As we discuss gender against the norms, one category of individuals that may come to mind is drag queens. These biological men who dress in women’s clothing, accessories, wigs, and makeup certainly defy the norms. For some of them it may just be fun to play with gender. For others, however, dressing in drag provides  an opportunity to express their true selves, which otherwise might stay hidden.

Some would say they are beautiful. Others would say they challenge the norms. But in James Baldwin’s Giovanni’s Room, readers would surmise that drag queens are just part of the culture. The entire book follows David, a gay man in a relationship with a woman and in an affair with another gay man. In one scene, David and his friend Jacques visit a gay bar frequented by drag queens. And while we may expect David to be accustomed to such an environment, in regard to one of the drag queens, David explains how he feels: “people said that he was very nice, but I confess that his utter grotesqueness made me uneasy; perhaps in the same way that the sight of monkeys eating their own excrement turns some people’s stomachs” (Baldwin 27). This dehumanization portrays not only an unflattering image in our minds but presents a potentially suppressing action against drag queens’ behaviors as well. Fortunately, David does not say this to the drag queen’s face, but there should be no doubt in our minds that something along these lines has been said in real-life situations before. And it is these ideas – and the anticipation of harassment as a result – that keeps some people from expressing their true identities.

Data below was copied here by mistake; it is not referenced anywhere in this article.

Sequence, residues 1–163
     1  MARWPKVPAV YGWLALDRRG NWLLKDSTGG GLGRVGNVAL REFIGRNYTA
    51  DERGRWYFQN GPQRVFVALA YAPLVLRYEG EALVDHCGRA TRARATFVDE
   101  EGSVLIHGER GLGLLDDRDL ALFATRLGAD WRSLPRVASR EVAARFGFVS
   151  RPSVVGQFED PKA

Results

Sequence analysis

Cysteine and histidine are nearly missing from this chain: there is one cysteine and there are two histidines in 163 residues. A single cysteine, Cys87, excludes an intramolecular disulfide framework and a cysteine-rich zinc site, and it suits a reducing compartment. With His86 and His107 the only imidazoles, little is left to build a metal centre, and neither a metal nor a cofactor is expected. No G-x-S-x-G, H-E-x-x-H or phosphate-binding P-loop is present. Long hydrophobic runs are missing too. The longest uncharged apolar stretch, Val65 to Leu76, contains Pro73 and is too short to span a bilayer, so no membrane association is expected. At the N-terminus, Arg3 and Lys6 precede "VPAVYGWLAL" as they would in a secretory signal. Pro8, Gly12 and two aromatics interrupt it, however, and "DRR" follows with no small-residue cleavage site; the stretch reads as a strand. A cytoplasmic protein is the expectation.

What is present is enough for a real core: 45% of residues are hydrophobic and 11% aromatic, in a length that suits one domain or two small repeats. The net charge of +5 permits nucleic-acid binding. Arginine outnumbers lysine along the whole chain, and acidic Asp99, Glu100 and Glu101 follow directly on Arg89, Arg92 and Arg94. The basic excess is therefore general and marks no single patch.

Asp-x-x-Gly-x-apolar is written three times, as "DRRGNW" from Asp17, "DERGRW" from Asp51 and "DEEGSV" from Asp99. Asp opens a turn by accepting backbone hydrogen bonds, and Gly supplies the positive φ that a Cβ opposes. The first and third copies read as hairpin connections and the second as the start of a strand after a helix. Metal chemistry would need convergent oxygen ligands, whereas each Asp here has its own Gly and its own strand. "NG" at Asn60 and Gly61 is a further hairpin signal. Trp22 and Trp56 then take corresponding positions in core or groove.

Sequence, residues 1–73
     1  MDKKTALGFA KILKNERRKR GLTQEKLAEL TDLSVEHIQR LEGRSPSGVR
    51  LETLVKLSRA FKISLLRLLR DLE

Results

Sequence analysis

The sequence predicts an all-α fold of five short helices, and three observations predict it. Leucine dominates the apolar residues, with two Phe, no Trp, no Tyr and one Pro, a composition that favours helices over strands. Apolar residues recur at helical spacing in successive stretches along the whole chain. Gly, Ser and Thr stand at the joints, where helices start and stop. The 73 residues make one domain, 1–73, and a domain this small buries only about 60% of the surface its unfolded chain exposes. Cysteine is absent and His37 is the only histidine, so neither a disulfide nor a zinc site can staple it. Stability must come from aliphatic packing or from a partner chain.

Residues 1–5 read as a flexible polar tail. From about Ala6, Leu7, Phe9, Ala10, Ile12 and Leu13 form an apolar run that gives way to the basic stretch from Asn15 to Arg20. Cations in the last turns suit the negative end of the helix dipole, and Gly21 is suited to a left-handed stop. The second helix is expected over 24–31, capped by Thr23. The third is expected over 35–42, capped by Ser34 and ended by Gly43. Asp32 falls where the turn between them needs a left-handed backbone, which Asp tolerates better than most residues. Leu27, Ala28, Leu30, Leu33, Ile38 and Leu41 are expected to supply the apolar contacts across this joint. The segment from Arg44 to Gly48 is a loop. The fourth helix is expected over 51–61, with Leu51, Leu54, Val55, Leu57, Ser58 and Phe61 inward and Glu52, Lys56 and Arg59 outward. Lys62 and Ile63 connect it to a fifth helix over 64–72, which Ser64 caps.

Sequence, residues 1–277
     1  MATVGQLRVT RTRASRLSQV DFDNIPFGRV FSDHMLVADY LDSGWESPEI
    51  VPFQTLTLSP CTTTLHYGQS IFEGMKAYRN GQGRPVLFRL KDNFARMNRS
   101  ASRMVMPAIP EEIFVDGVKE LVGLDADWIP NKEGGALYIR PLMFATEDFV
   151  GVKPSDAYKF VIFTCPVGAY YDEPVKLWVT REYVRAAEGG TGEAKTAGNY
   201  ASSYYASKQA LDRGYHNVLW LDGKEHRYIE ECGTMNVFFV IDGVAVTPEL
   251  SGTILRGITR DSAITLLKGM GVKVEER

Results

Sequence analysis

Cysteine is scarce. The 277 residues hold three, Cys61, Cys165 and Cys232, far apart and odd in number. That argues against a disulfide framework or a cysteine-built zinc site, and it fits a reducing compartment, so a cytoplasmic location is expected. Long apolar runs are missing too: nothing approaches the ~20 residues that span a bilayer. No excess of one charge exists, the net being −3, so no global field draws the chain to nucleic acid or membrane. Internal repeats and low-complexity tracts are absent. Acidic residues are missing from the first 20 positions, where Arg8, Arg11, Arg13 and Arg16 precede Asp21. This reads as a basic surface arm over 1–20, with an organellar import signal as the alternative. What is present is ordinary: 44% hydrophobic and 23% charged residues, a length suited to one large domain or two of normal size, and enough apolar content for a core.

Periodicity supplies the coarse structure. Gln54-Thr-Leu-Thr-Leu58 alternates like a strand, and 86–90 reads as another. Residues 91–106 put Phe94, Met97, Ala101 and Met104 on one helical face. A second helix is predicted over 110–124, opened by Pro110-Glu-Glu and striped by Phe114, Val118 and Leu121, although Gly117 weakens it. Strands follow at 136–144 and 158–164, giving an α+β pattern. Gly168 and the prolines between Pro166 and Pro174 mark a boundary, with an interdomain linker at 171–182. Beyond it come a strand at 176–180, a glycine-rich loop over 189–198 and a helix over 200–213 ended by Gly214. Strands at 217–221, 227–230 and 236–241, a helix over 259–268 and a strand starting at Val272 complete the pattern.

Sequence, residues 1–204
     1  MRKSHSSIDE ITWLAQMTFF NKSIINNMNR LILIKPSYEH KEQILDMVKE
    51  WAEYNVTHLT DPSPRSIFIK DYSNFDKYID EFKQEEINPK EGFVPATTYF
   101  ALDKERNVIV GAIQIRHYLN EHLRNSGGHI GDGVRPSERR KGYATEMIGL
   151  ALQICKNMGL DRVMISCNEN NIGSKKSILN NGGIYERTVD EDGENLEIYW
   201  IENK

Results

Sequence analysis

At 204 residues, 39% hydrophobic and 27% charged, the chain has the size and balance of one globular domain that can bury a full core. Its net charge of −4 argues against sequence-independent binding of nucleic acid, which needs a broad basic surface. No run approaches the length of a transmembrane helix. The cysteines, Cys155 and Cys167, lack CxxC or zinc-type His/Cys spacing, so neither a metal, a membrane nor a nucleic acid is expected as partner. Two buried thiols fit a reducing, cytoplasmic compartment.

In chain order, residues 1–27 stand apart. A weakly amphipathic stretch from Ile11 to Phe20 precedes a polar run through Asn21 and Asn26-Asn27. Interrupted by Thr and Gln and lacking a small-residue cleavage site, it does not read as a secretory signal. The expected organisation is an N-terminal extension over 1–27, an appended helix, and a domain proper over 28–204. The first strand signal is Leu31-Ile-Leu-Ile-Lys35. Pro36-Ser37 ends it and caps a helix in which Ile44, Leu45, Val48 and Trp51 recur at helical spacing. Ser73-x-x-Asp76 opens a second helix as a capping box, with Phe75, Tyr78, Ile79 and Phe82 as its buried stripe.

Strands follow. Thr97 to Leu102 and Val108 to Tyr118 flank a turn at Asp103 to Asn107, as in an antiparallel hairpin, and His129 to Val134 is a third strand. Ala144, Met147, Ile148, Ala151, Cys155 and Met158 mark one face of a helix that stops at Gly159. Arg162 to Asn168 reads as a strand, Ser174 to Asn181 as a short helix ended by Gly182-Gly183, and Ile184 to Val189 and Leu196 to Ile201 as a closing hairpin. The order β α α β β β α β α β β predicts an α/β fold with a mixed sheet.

Similar issues may exist in our private lives – particularly at home, with family. For the purposes of example, let us assume that in general, members of a family get along, are supportive of each other, and love one another. Now consider a family whose child is gender nonconforming. Maybe their son – a biological male – enjoys wearing dresses, painting his fingernails, and playing with baby dolls. Or maybe their daughter – a biological female – hates wearing dresses, enjoys playing football, and prefers the color blue. While the concept of gender as fluid would say that there is nothing wrong or out of the ordinary with this behavior, “because of community pressure or personal beliefs, parents – most often fathers – struggle to accept a child who does not fit within social norms” (Malpas 454). The effect of this could be one of two things. If the child continues the behavior, “the gender nonconformity can become a significant source of conflict between parents and a damaging source of disconnection between parent and child” (454). Perhaps worse however, is if the child allows this conflict to be an influencing factor in expressing their gender – forcing themselves to conform to the norms in order to regain their parents’ approval, but avoiding their true selves in the process. We don’t have to be psychologists to understand that this suppression of gender expression might lead to problems later in life, such as dissatisfaction with their appearance, performance, or even relationships with significant others.